Software as a Service - myths destroyed

Recently I have been giving a lot of thought to the Software as a Service concept. The basic idea behind this catch phrase is that rather than paying a lot of money up front for a piece of software and/or server combination you subscribe to the software online and have it hosted remotely. There's obviously a couple of concerns over such a model, firstly you have got to trust that these companies do not go out of business plus you have to be confident that your Internet connection (and theirs) will be working whenever you need the service. A lot of these myths have been put to rest as this Business Week article illustrates, but for hard-core (old school) network administrators the idea of out-sourcing essential software sends cold shivers down their spines.

The concept really got stuck in my head when a friend of mine sent a general email asking for people to help him convince a small business to purchase a general purpose (mail/calendar/file/print) server. After having my share of bad server experiences and over demanding clients I eventually came to the conclusion that installing a new server in a small/medium business is a really difficult thing to justify when pitted against the new Software as a Service model. For example if you were to sign-up for the GMail hosted email service (where they host your email domain) you get email, calendar and instant messaging services all for just a few only slightly annoying adverts. Alternatively you could go the Microsoft Office Live path which does not provide as much storage space and costs more but could get very interesting as these services are integrated into the traditional Office suite. For data there are some pretty interesting looking NAS (Network Attached Service) devices available that provide local network storage without the hassle of running a full blown server. Then as long as you purchase decent network-enabled printers you have a complete small/medium office solution for a lot less setup and ongoing support costs than a conventional Linux/Windows/Netware server.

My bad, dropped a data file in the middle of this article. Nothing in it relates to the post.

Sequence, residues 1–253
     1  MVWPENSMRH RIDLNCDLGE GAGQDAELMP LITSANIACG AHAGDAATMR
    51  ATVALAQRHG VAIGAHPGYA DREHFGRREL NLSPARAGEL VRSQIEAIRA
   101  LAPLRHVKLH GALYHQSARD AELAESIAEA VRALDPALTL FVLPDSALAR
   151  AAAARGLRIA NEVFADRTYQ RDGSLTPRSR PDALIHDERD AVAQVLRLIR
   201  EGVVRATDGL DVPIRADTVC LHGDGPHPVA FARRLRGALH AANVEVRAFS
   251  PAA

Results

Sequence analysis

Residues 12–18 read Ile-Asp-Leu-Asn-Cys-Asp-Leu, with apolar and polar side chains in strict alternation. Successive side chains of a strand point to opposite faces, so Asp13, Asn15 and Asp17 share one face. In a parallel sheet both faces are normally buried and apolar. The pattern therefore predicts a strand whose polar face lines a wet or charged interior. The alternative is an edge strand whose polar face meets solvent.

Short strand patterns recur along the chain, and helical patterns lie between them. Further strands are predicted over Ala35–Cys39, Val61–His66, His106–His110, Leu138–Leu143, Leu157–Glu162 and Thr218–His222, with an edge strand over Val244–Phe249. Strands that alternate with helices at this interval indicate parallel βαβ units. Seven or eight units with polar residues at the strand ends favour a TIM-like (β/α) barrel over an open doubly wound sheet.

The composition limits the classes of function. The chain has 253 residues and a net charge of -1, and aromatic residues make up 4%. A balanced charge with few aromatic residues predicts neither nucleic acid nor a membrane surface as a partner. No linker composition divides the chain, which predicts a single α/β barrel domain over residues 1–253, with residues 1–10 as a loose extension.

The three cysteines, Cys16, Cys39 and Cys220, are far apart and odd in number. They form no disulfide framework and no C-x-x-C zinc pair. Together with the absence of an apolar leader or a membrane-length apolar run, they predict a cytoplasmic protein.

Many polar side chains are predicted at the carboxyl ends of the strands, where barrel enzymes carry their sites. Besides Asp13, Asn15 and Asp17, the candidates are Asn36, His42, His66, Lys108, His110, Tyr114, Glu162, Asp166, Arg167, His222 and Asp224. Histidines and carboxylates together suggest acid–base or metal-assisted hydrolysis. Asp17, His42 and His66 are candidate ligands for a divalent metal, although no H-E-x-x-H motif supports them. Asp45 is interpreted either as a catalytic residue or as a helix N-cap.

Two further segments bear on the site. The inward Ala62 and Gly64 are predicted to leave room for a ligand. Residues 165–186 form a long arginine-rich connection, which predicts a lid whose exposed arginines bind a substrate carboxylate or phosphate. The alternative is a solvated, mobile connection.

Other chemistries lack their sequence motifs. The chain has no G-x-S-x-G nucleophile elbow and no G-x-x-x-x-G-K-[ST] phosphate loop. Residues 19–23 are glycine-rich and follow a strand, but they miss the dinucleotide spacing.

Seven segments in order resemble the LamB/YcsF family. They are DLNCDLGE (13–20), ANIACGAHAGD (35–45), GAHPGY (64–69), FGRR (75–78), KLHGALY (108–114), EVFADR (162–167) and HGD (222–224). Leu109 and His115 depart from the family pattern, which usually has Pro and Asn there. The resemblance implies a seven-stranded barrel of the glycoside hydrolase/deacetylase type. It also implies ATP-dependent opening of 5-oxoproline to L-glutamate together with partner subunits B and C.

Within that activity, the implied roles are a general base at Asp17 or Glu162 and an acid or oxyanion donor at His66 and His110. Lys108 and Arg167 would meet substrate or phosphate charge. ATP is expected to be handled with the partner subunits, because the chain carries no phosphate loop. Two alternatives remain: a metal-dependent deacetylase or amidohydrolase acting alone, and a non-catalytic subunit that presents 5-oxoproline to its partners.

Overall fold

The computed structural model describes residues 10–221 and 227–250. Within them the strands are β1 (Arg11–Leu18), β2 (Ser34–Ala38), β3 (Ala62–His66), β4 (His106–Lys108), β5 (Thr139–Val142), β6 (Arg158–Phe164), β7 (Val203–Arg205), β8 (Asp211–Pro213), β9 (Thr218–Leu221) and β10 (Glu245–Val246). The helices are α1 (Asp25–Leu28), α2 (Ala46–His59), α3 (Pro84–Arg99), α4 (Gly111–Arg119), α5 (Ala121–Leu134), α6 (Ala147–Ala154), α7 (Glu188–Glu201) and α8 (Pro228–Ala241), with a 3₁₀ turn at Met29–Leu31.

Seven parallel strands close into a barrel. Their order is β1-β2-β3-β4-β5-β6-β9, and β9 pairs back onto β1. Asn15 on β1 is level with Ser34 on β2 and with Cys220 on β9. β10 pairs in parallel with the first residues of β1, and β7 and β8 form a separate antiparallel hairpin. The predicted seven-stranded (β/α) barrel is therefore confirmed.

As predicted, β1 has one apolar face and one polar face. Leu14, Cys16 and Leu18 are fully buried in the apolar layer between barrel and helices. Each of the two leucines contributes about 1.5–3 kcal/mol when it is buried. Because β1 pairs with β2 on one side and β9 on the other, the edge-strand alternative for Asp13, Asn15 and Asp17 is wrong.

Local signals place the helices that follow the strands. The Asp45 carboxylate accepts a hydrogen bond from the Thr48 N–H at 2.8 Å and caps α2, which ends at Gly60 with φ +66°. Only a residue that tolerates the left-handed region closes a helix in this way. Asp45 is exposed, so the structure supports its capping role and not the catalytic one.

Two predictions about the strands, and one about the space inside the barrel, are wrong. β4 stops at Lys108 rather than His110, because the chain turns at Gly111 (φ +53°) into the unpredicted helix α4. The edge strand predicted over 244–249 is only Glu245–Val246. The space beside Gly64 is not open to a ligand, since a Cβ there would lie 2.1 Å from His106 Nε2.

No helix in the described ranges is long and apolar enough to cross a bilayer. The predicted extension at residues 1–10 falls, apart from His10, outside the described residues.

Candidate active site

From a network administrator's perspective this model is at first scary (on one likes being out of a job) until you realise that you can now spend your time working with users to get these services working for them rather than just simply working, which is their current (and only) ongoing concern.